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Grant Will Support the Upcoming Special Exhibition When Women Lost the Vote: A Revolutionary Story, 1776 – 1807

The Museum of the American Revolution today announced that it has been awarded a $100,000 Public Humanities Project grant from the National Endowment for the Humanities (NEH).

The grant will support the upcoming special exhibition When Women Lost the Vote: A Revolutionary Story, 1776 -1807, which is scheduled to open in August 2020, in conjunction with the 100th anniversary of the ratification of the 19th Amendment, granting millions of American women the right to vote. It also will support the implementation of corresponding educational materials, a robust online experience, and related public programs exploring women’s citizenship and voting rights in the early Republic.

The Museum’s award is part of $22.2 million in grants to support 224 humanities projects across the country, which were announced by the NEH in a press release today. The Museum’s grant is one of 23 nationwide in the Public Humanities Project category.

“As a relatively new institution, receiving this prestigious, highly competitive grant from the NEH is an incredible honor that reflects the exhibition’s superb humanities scholarship led by our internal curatorial team,” said Dr. R. Scott Stephenson, President and CEO of the Museum of the American Revolution. “We are grateful to the NEH for enabling us to advance our mission to uncover and share surprising stories about the diverse people and complex events that sparked America’s ongoing experiment in liberty, equality, and self-government.”

When Women Lost the Vote: A Revolutionary Story, 1776 -1807 will explore – as no book, exhibit, or other medium has before – the little-known story of the more than thirty years following the Revolutionary War during which women and free people of color held the legal right to vote in New Jersey. It also will examine how and why this right was stripped away in 1807.

Featured in the exhibition will be several newly discovered poll lists including the names of women voters, tracked down by the Museum’s curatorial team during an extensive examination of voter records. To date, the team has located nine poll lists, featuring the names of 163 women, at local institutions and state archives. The discovery recently was featured in The New York Times and The Philadelphia Inquirer. Prior to this, little proof of women voting during this period was known to exist. The exhibition also will feature original objects including textiles, manuscripts, furniture, and art, as well as interactive elements.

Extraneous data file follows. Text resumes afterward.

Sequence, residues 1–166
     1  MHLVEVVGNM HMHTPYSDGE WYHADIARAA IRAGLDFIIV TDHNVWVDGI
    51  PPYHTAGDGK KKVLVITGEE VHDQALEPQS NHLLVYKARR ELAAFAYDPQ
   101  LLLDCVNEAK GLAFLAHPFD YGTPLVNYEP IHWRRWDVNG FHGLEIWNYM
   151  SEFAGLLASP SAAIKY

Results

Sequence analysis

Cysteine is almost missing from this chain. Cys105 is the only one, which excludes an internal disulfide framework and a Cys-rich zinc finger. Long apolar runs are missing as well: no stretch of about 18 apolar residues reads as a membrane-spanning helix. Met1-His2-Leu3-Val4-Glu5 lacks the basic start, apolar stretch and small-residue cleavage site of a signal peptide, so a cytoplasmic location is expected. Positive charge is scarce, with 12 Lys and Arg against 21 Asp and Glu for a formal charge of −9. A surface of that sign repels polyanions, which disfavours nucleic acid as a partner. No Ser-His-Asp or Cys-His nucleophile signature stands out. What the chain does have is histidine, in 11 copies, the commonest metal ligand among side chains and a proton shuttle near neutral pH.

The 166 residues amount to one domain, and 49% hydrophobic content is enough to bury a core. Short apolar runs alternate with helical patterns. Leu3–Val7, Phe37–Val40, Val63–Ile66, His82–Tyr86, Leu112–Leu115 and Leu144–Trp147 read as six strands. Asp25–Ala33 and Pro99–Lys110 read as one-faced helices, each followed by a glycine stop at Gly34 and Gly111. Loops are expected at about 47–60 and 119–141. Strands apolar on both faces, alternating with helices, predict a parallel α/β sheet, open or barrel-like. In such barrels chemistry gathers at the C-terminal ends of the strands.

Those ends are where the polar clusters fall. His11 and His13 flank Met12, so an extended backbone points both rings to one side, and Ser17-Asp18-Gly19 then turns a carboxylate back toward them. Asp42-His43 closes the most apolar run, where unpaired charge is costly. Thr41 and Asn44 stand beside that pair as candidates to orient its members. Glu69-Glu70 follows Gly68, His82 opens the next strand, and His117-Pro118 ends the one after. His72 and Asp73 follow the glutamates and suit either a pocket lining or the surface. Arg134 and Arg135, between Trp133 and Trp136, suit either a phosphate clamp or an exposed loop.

When Women Lost the Vote will come to life with a rich slate of special events and daily programs, including family-friendly programs and activities, first-person theatrical performances, a series of guided tours and workshops for adult-learners, as well as evening speaker programs and events exploring the historic and contemporary relevance of the exhibition. 

Bank of America and Comcast NBCUniversal are presenting sponsors of the exhibition. The Pennsylvania Department of Community and Economic Development is a supporting sponsor. A planning grant from the National Society Daughters of the American Revolution was essential to supporting the early stages of the exhibition.

About the National Endowment for the Humanities

Created in 1965 as an independent federal agency, the National Endowment for the Humanities supports research and learning in history, literature, philosophy, and other areas of the humanities by funding selected, peer-reviewed proposals from around the nation. Additional information about the National Endowment for the Humanities and its grant programs is available at

About Museum of the American Revolution

The Museum of the American Revolution uncovers and shares compelling stories about the diverse people and complex events that sparked America’s ongoing experiment in liberty, equality, and self-government. Through the Museum’s unmatched collection, immersive galleries, powerful theater experiences, and interactive elements, visitors gain a deeper appreciation for how this nation came to be and feel inspired to consider their role in ensuring that the promise of the American Revolution endures. Located just steps away from Independence Hall, the Museum serves as a portal to the region’s many Revolutionary sites, sparking interest, providing context, and encouraging exploration. The Museum, which opened on April 19, 2017, is a private, non-profit, and non-partisan organization. For more information, visit or call 877.740.1776.